D. Carpenter_MHE 645 -- Higher Education Marketing & Communications
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Elective Course Framework, E-Portfolio Assignment #2

Elective Course Framework, E-Portfolio Assignment #2
MHE 645 - Higher Education Marketing & Communications
NMP 650 - Week #3
Dayna Boyles-Carpenter

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D. Carpenter_MHE 645 -- Higher Education Marketing & Communications Presentation Transcript

  • 1. Components and Considerations of Marketing & Communications in Higher Education Typically, higher education marketing & communications offices can be made up of the following components or areas: 0 Public Relations/Community Relations 0 Enrollment Marketing 0 Crisis Communications 0 Publications 0 Alumni Communications 0 Development Communications
  • 2. Selling the Intangible 0 Higher education is an intangible commodity. 0 We face challenges of selling an experience vs. selling a product. 0 Students are subjective and they define success. 0 Students are both the consumer and the product of higher education. 0 While higher education is an intangible commodity, customers still seek tangible clues to help them assess the value and quality of the service (Hayes, 2009, p. 25).
  • 3. Branding in Higher Education In higher education, brand refers to the perceived quality and reputation of a college or university. “Think of a college or university brand as being synonymous with the institution’s personality – congruent with its mission, defined by its values” (Black, 2008, p. 2). When developing a brand, a college or university should ask itself the following questions: 0 Who do we serve and what are their needs? 0 What elements of what we currently do define who we are? 0 Where/what do we aspire to be? 0 Who is the competition? 0 What are our current challenges or limitations?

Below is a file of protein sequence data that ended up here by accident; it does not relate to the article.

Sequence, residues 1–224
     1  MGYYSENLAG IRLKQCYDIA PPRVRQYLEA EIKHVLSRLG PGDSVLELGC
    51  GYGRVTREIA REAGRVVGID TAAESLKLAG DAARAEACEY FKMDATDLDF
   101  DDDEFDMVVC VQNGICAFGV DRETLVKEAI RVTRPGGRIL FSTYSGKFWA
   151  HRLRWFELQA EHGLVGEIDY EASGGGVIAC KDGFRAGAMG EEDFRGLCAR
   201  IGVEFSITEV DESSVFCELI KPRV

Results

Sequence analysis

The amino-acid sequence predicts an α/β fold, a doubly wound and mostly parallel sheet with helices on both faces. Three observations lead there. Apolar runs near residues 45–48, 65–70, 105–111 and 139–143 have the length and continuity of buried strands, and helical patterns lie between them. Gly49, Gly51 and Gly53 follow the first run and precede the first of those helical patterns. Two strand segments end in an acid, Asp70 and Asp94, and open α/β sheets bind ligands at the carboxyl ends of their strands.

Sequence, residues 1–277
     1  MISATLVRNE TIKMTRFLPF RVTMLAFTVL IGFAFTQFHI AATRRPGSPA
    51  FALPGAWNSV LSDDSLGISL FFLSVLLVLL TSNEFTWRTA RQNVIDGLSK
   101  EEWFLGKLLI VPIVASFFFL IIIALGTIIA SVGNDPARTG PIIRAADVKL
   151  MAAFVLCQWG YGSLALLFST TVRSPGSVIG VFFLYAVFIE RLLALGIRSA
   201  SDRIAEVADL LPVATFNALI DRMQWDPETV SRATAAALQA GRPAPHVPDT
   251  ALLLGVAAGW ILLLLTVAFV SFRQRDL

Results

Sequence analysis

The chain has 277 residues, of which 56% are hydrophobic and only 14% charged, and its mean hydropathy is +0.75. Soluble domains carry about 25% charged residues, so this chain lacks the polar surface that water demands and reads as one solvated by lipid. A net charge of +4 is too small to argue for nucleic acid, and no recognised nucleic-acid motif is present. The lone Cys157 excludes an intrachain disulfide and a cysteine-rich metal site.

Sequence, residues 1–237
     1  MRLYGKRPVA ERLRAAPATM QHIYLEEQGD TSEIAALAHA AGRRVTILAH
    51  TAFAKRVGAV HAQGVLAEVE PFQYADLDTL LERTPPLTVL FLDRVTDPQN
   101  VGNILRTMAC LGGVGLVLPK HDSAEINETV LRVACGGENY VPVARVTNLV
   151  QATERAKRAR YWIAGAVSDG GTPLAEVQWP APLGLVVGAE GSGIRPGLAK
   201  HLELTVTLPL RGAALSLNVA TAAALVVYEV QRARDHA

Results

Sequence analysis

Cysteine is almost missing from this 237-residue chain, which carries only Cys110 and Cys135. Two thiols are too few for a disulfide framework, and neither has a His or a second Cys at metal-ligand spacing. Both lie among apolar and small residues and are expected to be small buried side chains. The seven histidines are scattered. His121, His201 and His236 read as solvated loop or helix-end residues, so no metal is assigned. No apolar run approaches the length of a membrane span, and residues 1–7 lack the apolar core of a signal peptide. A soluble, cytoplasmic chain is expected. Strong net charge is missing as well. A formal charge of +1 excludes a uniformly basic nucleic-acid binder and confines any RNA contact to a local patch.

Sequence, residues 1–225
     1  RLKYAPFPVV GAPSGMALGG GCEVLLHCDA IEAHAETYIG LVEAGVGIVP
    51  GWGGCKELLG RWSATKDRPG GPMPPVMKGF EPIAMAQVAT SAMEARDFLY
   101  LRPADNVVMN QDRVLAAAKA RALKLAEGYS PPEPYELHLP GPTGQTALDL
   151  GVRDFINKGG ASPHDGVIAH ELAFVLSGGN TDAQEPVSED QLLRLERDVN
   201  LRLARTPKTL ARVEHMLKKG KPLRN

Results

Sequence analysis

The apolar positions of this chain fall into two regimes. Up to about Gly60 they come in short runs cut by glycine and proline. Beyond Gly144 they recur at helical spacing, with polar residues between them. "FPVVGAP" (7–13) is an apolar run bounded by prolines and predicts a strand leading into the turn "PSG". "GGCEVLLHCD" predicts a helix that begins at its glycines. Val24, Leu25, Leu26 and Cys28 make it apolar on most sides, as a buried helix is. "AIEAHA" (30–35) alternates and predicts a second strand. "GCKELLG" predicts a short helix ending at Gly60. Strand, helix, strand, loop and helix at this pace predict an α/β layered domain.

• 4. Market Driven vs. Mission Driven Institutions 0 Mission Driven: An Institution that is fully focused on “the curriculum and academic program of the institution” (Anctil, 2008, p. 1). 0 Market Driven: An Institution that is market driven responds to the wants/needs of its consumers. It operates with an outside-in orientation that “develops and maintains all the marketing activities necessary to read the marketplace and to create service that answer what the market asks for and anticipates emerging markets and their needs” (Hayes, 2009).
  • 5. Katya Andresen’s Robin Hood Marketing Arrow Model “Marketing good causes with a corporate mind-set delivers results” (Andresen, 2006, p. 6). Audience Environment Message • Marketplace • Competitors • Partners • Benefit Exchange • Honing the Message • Delivering the Message Action (Andresen, 2006, p. 10)
  • 6. 10 Robin Hood Marketing Rules 0 Robin Hood Rule 1 – Go beyond the big-picture mission and focus on getting people to take specific action. 0 Robin Hood Rule 2 – The most important values are those of our audiences, not our own. The closer we align ourselves with our audience’s values, the higher our chances of motivating them to take action. 0 Robin Hood Rule 3 – Recognize and react to the forces at work in the marketplace. We must identify the forces influencing our audiences’ actions and harness those that work in our favor.
  • 7. 10 Robin Hood Marketing Rules, Continued 0 Robin Hood Rule 4 – Stake a strong competitive position in the minds of the audience. We want to make our competitive advantage as clear to our audiences as if we’d adorned it in gold thread. 0 Robin Hood Rule 5 – Build partnerships around mutual benefits or you won’t be partnering at all. Partnerships should yield clear wins for each partner and, most important, the partners should share a customer base or have complementary bases. 0 Robin Hood Rule 6 – Case first, cause second. The reward, and not our own mission, most effectively makes the case to our audience to take action. (Andresen, 2006, p. 87-132)
  • 8. 10 Robin Hood Marketing Rules, Continued 0 Robin Hood Rule 7 – Messages should establish a Connection, promise a Reward, inspire Action, and stick in Memory. CRAM is the key to getting our distracted audience attracted to our cause above all others. 0 Robin Hood Rule 8 – To get to audiences, go to where they are. 0 Robin Hood Rule 9 – Approach the media as a target market, not as a mouthpiece for the message. 0 Robin Hood Rule 10 – Good marketing campaigns focus on spurring one audience to a single action. (Andresen, 2006, p. 165, 186, 218).
  • 9. The 22 Immutable Laws of Marketing 1. 2. 3. 4. 5. 6. 7. 8. 9. 10. 11. The Law of Leadership The Law of the Category The Law of the Mind The Law of Perception The Law of Focus The Law of Exclusivity The Law of the Ladder The Law of Duality The Law of the Opposite The Law of Division The Law of Perspective (Ries & Trout, 2003)
  • 10. The 22 Immutable Laws of Marketing, Continued 12. 13. 14. 15. 16. 17. 18. 19. 20. 21. 22. The Law of Line Extension The Law of Sacrifice The Law of Attributes The Law of Candor The Law of Singularity The Law of Unpredictability The Law of Success The Law of Failure The Law of Hype The Law of Acceleration The Law of Resources (Ries & Trout, 2003)